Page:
As high as a kite
Definition: kite surfing or kite boarding is a ‘surface water sport' that uses wind-power to pull a rider through the water on a small surf board or kite board. Generally, kite boarding refers to a style of riding known as ‘freestyle' or ‘wake-style', whereas kite surfing refers to a style known as ‘wave-riding'. The two styles require different boards and specific performance kites.
Speed is addictive, which is why kite surfing is the world's fastest-growing ‘extreme sport'. Water sports don't GET any faster than kite surfing, which holds the world record for the fastest means of moving by sail on water: over ninety-two miles an hour to be exact.
It's not just the sheer speed that sets the adrenalin pumping though; it's also the fact that the kite surfer can skim the waves like a vast, vividly-coloured bird; dipping, swooping, and flying up to 100 feet in the air.
An accomplished ‘kiter' can also evolve into a high-wire acrobat of the waves; executing all manner of tricks or ‘freestyle' stunts. Kite surfing, therefore, offers the ultimate thrill cocktail: speed, flight, waves, wind, twanging muscles and skin tight suits.
That said, it doesn't take much imagination to realize that if you're whipping across the waves at 90mph plus, you'll not only be as high as a kite on adrenalin, but also flying in the face of some ‘extreme' hazards. These are as excruciatingly exciting as the sport itself, and include being either swept or dragged out to sea; colliding with swimmers, boats, buildings or power lines (on lakes); and making an ‘unplanned landing' at speed, on your choice of either sand or water.
Alternatively, you can bungle your safety procedures, become tangled in your own lines, and be dragged along beneath the water for as long as it takes you to whip out your safety knife and cut yourself free. Or, and this one comes from the kite surfers ‘rule book' and is expressly forbidden, you can ‘become airborne in inappropriate places'. Sounds like fun huh?
Finally, if all of the above offer the hazard profile of a wet T-shirt contest, you can flirt skittishly with such ‘marine hazards' as sharks, jellyfish, dolphins or crocodiles. No matter what the hazard rating, however, you will correctly refer to all such near-death experiences as ‘kitemares'.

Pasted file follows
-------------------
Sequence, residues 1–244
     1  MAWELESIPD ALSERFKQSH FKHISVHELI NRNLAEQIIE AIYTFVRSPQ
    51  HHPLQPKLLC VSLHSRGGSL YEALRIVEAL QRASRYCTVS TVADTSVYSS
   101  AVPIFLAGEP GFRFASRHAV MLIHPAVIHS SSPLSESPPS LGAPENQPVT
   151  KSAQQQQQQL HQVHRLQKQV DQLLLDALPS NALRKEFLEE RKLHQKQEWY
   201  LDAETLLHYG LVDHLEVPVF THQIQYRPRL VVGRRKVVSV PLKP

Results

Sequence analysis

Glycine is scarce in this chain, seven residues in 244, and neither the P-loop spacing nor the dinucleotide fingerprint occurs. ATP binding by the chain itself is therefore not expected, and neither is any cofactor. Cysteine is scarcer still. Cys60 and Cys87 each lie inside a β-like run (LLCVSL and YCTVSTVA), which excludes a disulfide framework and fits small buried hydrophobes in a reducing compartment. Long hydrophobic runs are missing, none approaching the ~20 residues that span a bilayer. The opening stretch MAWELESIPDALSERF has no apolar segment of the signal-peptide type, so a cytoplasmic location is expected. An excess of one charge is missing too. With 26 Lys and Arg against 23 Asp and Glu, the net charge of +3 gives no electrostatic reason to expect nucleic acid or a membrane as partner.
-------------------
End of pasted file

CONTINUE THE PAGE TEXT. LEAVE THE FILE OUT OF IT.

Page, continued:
Non-kiters will not be surprised to learn that in its early days, the undeniable hazards of kite surfing caused it to be banned on many of the world's beaches. After all, not since the days of JAWS has the hapless swimmer had to face the possibility of an unplanned encounter with a blunt snout, thrashing through the water at 90 mph, and powered by 170 pounds of rippling rubberized muscle: only to find that this time the muscle is lashed to 16 square meters of ‘ripstop' nylon.
All those who wonder if it really is ‘safe to go back in the water' however, will be reassured by the news that kite surfing is now controlled by a complex set of rules. These assume that a ‘kiter' is, technically at least, a sailing vessel: thus basic ‘sailing rules' apply. Consequently, ‘upwind kiters' must keep their lines higher than ‘downwind kiters'; all kiters must accord each other a 50 metre ‘safety clearance zone'; and both kiters and non-kiters must ‘give way to starboard'. Slightly less reassuring is the rule that makes casual mention of the fact that a kiter may ‘insist' upon his right to priority from the right (starboard) by shouting ‘STARBOARD!' (loudly).
So, should you hear such a (loud) shout whilst desultorily doggie-paddling in the shallows, best beware. Not only are you contravening sailing rule number 12, but you are also in danger of being scuttled.
The history of kite-surfing
It's an odd fact of life that when you look more closely into the history of almost anything - the Chinese got there first. The same goes for kite surfing: the wily Chinese were using kites for propulsion as early as the 13th century.
It was not until the 1800s however, that Englishman George Pocock came up with the brilliant idea of attaching a kite to a cart so as to make it go faster on land. Flushed with success, he then attached a kite to a boat for the same purpose. Not until 1903, however, was another Englishman, Samuel Cody, rash enough to attach a kite to a man, at which point his famous ‘man-lifting kite' succeeded in propelling a man (attached to a small canvas boat) all the way across the English Channel.